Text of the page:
Definition of Wave
A wave is a disturbance that travels in a medium (which can be a vacuum in the case of electromagnetic waves) transferring energy and momentum from one place to another. The direction of propagation of the wave is the direction of energy transfer. There is no large-scale motion of the medium itself as the wave passes through it.
Wave motion is a means of moving energy from one place to another. Vibrating or oscillating objects act as source of waves. Waves that move through a material (or vacuum) are called progressive waves. A progressive wave transfers energy and momentum from one place to another.
Waves are formed when particles vibrate about a mean position. Waves can be observed in different situations. Waves are formed on the surface of water when an object is dropped into the water or when a wind blows across the surface of water. Waves can also be observed when a string on a table is shaken from side to side.
Terminology to describe waves
The following terms are used to describe waves.
Displacement of a vibrating particle is its distance from its equilibrium position.
Amplitude is the maximum displacement of the vibrating particle from its equilibrium position.
The length of a complete oscillation is known as the wavelength of the wave. The symbol for wavelength is λ. It is also the distance from crest to crest or trough to trough of a wave.
Period of oscillation is the time taken for one oscillation or time take for wave to move one whole wavelength past a fixed point. The symbol for period is T.
The frequency of a wave is the number of cycles of vibration of a particle per second, or the number of complete waves passing a point per second. The symbol for frequency is f. The unit of frequency is hertz (Hz).
Frequency and period are related by the equation f =
Wave speed is the distance travelled by the wave per unit time.
The wave equation
The speed of a particle is given by the equation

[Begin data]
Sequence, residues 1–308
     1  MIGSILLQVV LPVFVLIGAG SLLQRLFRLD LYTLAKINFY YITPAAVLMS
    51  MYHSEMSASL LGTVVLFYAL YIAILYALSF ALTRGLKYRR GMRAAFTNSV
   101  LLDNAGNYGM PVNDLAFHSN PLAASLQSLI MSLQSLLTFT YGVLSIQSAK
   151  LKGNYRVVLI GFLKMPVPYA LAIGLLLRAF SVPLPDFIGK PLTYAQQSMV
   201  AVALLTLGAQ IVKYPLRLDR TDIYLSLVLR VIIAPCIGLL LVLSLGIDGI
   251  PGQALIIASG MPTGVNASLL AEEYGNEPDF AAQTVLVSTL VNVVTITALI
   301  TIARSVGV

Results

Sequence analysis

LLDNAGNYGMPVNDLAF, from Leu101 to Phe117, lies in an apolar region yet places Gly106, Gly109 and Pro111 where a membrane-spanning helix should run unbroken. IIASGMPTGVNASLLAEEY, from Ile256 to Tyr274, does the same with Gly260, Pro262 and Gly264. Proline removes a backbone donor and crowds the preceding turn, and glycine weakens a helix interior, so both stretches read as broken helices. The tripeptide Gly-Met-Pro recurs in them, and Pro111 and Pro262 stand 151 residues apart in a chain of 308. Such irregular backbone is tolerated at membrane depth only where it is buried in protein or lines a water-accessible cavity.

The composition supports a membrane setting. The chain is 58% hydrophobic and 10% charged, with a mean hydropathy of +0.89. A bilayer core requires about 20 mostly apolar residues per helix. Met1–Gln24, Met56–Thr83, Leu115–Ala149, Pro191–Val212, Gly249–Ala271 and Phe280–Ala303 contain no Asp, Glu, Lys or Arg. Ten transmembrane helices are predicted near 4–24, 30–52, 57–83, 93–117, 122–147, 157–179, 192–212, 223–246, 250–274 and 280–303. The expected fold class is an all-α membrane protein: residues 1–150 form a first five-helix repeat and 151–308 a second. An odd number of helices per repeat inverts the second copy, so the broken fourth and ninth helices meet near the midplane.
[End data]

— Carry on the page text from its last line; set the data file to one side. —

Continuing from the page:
speed (v) =
Hence wave speed =
In time T, the period of oscillation, the wave travels one wavelength λ. Hence
We know from above f =
Hence v = fλ
The speed of a wave depends only on the properties of the medium and not how it is produced.
Intensity of radiation in a wave
Progressive waves transfer energy. When the wave travels out from a source the radiant power spreads out, reducing the intensity. Intensity is defined as the energy transmitted per unit time per unit area at right angles to the wave velocity. Energy transmitted per unit time is the power transmitted.
Hence Intensity I =
where I is the intensity of the wave at a surface, P is the radiant power passing through the surface and A is the cross-sectional area of the surface.
The unit of intensity is Wm-2.
The radiant power from a point source spreads out in a sphere. So the intensity of a wave depends on the area over which the power is spread out. As we move away from the center of the source, the surface area of the sphere (A=4πr2) increases. From above equation, greater the area, lower the intensity.
I = = =
We can see from the above equation that the intensity has an inverse square relationship with the distance from the source. If the distance doubles, the intensity decreases by a factor of 4.
The intensity of wave is proportional to the square of the amplitude of the wave.
I ∝ xo2
Thus if amplitude of the wave is halved, its intensity is reduced by a factor of 4.